It wasn't enough that for once work was slow -- it was as if the city's criminals were holed up for the week. Maybe they were all students and had to study for their exams. But a slow week at work meant more time to relax, kick back, and spend time with Blair. Except Blair wasn't ever home. At least it seemed that way. Home at 11 and out the door by 7 wasn't enough time to do more than make love once, cuddle, and sleep. Jim wanted more than that. making love twice and a bit of conversation was at the top of the list, followed by backrubs, footrubs, showers, and having someone else make supper. At least tomorrow things would be different, but for tonight he paced impatiently.

Tomorrow was Friday and Blair would be able to take the evening off from classwork. Tomorrow was the day Jim had been making plans for all month long, marking the calendar on both his and his lover's desks, visiting every grocery store and restaurant in the city looking for just the right meals, even digging through Marci's CD collection for the right inspirational music. But that was tomorrow. Tomorrow would be wonderful and make up for all this week. Tomorrow was the official 'grades due' day, and after Blair entered his grades he belonged to Jim for the next 36 hours.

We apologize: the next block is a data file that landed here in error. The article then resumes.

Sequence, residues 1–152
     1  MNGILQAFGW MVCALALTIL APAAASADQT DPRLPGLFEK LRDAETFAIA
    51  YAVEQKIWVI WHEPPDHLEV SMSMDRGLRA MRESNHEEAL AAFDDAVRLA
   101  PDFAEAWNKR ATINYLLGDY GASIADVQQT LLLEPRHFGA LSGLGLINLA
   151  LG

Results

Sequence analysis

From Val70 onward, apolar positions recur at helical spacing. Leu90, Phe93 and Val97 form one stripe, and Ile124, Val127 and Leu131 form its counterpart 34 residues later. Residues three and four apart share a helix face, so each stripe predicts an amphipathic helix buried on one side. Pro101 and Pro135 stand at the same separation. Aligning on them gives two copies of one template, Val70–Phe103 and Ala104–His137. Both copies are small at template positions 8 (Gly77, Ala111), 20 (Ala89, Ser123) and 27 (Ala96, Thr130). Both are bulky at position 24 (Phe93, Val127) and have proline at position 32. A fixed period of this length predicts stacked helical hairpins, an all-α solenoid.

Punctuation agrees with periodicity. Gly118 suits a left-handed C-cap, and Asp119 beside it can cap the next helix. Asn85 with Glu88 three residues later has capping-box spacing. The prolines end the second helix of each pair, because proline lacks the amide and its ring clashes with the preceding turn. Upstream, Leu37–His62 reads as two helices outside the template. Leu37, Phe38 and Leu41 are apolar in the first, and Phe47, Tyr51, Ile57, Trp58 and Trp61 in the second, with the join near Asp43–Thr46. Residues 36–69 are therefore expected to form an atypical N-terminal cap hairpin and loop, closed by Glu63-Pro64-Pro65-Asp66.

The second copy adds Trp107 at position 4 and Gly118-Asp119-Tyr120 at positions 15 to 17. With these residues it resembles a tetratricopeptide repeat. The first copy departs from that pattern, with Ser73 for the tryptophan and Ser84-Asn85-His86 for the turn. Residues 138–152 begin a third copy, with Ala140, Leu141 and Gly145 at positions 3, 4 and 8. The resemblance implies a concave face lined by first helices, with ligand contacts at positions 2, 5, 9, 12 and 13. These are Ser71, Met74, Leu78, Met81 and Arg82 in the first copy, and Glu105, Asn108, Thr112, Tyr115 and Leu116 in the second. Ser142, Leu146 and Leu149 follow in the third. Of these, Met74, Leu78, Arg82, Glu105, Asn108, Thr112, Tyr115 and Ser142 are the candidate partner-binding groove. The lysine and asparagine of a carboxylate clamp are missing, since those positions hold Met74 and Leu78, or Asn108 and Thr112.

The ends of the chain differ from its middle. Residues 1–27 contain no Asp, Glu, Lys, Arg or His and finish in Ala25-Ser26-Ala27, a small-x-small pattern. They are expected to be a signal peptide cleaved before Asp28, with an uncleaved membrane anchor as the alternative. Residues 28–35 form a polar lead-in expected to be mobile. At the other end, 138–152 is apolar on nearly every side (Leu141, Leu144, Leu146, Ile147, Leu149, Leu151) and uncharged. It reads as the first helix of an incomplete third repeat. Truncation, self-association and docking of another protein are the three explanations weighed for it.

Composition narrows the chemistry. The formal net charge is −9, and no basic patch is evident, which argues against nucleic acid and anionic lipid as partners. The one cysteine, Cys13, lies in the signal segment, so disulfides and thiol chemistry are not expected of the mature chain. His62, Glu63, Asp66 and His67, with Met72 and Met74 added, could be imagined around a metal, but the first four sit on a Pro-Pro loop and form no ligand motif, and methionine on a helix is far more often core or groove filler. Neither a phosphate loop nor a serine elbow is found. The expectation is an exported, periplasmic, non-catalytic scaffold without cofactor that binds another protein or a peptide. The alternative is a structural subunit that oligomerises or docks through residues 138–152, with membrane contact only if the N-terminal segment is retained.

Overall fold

But today was proving to be a bitch. Glancing at the clock again, Jim wondered if he might not risk a call anyway. Just to see how things were going, how soon Blair might be home. Whether or not Blair remembered he didn't live in his office. No, he'd just get himself sighed at -- something the other man was entirely too good at. He'd sigh tiredly, and then in a soft and much to reasonable tone of voice say something like, 'Jim, I wish I could but you *know* I have to....' Jim wanted to say no he didn't know, why didn't Blair just leave it for tomorrow? He wanted to remind Blair of the times *he'd* left paperwork on his desk for the next morning, in favour of going home with his lover.

But he had to admit he did understand. School, like police work, was not a nine to five job. You worked when you needed to, and took your time off gratefully when it came. Which is what he was trying to do *now* only schoolwork was not cooperating. He glanced at the clock again. Just one quick call. Maybe Blair would appreciate the break.

Besides, who came up with the phrase 'nine to five'? That was only a seven hour work day.